Magnetism and Electromagnetism
The basic ideas of magnetism, interaction between magnets and magnetic objects and magnetic fields should have been covered at primary level and again at KS3 and so it would be hoped that students will be familiar with them although it is worth checking. The idea of a ‘field’ around a magnet can be conceptually demanding for some, they may have seen the field lines in a diagram or demonstration but these are imaginary constructs and not a ‘real’ thing in the way that the magnet itself is considered real.
It’s common for some students to struggle when learning about transformers, motors and electromagnetic induction. It requires the combination of an understanding of the relationships between current, potential difference (and resistance) as well as the interaction between magnetic fields and charge carrying conductors. It is also common for the magnetic effect of a current, the electric motor and the generator (dynamo) to be taught a separate phenomena rather than all part of the same set of ideas. Individually they may be easy to demonstrate (current carrying wire moving in a magnetic field, moving wire in a magnetic field induces a current) but connecting all of these together can be a challenge for students.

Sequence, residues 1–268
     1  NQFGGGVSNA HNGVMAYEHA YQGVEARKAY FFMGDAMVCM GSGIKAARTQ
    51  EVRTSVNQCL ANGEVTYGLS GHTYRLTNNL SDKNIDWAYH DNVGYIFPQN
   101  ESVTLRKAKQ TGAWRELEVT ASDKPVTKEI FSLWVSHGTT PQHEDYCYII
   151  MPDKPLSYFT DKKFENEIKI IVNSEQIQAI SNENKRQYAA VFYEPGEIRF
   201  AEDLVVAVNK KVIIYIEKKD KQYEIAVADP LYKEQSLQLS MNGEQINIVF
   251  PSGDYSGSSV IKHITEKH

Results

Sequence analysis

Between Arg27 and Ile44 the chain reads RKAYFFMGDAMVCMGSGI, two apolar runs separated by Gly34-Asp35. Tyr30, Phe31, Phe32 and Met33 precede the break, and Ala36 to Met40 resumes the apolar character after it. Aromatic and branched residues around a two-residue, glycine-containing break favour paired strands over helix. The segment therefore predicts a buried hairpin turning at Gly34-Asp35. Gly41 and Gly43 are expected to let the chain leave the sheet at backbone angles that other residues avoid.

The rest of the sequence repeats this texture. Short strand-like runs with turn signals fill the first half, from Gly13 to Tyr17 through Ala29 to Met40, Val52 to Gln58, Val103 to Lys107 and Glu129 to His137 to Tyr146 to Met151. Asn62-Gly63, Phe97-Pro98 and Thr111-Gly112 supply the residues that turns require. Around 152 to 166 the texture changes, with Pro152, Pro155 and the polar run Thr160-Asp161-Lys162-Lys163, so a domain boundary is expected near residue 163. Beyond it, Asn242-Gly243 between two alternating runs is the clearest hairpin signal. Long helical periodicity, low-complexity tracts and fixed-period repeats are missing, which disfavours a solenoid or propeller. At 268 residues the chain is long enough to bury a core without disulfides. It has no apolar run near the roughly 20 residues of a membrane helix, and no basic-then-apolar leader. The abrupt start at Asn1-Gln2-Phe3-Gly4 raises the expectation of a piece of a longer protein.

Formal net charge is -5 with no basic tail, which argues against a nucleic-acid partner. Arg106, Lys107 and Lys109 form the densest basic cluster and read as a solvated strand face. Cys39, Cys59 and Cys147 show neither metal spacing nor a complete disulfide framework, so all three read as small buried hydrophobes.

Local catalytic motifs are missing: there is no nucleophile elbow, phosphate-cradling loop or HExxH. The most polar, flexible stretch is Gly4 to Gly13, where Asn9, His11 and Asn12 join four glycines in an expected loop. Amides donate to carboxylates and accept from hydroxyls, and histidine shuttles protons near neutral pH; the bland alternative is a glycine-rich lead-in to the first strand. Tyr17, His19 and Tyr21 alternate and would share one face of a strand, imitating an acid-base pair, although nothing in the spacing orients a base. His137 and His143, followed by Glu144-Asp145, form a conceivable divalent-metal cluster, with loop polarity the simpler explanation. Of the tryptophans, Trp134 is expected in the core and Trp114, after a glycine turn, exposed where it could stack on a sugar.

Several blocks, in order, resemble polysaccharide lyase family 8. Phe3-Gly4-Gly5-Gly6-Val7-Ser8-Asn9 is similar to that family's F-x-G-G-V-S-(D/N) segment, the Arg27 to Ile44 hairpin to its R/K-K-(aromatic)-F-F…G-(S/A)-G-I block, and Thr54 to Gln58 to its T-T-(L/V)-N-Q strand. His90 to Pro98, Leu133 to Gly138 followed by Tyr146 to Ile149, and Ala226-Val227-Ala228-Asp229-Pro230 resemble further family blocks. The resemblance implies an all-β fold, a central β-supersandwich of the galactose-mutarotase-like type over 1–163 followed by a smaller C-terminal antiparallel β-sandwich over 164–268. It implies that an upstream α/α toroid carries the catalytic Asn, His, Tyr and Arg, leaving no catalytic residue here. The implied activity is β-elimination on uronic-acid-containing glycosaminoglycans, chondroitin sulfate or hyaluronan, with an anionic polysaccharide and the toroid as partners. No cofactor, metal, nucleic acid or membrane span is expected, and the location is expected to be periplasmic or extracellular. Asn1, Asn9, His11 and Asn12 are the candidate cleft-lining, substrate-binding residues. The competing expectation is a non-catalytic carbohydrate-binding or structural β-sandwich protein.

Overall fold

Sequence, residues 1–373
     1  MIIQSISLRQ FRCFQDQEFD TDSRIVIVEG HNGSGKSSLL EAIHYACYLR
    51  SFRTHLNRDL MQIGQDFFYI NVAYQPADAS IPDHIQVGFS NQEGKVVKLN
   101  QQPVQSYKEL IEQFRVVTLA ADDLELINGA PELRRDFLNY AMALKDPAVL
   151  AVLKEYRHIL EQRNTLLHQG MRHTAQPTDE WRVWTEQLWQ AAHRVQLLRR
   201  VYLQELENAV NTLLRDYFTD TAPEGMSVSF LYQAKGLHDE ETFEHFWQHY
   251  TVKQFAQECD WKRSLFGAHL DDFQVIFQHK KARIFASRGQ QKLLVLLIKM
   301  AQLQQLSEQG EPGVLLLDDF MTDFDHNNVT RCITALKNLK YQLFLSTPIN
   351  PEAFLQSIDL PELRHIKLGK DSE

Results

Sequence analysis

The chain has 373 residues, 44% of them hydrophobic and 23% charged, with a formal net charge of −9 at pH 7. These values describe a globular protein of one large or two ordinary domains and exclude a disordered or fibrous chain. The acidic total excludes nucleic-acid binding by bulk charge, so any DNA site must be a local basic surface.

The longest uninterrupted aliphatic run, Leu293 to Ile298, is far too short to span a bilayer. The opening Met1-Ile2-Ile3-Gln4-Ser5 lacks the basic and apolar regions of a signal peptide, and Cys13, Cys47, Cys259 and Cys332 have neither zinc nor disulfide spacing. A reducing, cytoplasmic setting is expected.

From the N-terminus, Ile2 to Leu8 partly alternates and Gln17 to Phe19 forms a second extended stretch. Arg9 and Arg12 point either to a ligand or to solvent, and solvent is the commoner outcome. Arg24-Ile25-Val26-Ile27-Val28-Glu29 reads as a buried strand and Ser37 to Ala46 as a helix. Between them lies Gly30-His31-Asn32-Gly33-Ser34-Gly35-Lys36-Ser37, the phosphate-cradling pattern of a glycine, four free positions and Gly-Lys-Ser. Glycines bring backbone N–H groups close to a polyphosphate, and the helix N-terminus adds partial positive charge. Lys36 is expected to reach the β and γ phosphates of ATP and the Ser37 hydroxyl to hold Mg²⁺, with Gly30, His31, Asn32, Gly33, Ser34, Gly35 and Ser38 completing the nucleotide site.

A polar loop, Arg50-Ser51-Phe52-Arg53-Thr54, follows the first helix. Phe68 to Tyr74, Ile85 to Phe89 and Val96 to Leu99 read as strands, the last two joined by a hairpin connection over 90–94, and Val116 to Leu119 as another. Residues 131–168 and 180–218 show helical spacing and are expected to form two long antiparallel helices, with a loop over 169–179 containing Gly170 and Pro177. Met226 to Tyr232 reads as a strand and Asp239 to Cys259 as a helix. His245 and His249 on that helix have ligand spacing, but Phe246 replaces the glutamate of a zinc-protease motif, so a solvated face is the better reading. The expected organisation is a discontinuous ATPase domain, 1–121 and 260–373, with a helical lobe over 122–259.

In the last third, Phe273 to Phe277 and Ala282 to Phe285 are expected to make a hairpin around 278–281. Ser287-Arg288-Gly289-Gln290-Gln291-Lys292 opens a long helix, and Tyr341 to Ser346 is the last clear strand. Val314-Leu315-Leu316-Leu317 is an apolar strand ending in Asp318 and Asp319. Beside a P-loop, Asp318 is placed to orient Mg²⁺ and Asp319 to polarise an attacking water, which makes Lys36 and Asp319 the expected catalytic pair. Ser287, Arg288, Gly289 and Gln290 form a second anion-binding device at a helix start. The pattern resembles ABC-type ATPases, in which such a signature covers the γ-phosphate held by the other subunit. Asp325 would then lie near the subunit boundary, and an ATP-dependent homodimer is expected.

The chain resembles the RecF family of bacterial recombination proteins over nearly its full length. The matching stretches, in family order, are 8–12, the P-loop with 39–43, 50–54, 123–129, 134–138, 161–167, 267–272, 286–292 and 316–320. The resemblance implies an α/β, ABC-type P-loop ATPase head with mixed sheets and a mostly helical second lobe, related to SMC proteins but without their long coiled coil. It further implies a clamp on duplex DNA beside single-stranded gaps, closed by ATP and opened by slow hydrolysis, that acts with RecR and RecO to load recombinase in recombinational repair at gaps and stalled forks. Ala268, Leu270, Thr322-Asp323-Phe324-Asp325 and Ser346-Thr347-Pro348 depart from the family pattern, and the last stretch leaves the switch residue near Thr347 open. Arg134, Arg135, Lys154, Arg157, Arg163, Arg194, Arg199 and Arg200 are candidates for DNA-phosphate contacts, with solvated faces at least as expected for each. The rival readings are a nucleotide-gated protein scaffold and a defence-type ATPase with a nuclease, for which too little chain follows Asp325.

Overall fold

The multi-step process that takes the ideas from a generator (a changing magnetic field can induce a voltage in a conductor) and then applies this to the workings of a transformer can also be very challenging for some.
The building of electric motors can be a fun and engaging activity but equally the physical complexity of the activity can create barriers to understanding. The simple electric motor shown in the list below (electric motor) can help to show the interaction between a current carrying ‘wire’ and a magnetic field as a principle although can become quite complex if you look too closely at the magnetic fields involved.
As a final thought this video of Richard Feynman is an absolute classic in terms of physics teaching and well worth a watch.
Whilst this list provides a source of information and ideas for experimental work, it is important to note that recommendations can date very quickly. Do NOT follow suggestions which conflict with current advice from CLEAPSS, SSERC or recent safety guides. eLibrary users are responsible for ensuring that any activity, including practical work, which they carry out is consistent with current regulations related to Health and Safety and that they carry an appropriate risk assessment. Further information is provided in our Health and Safety guidance.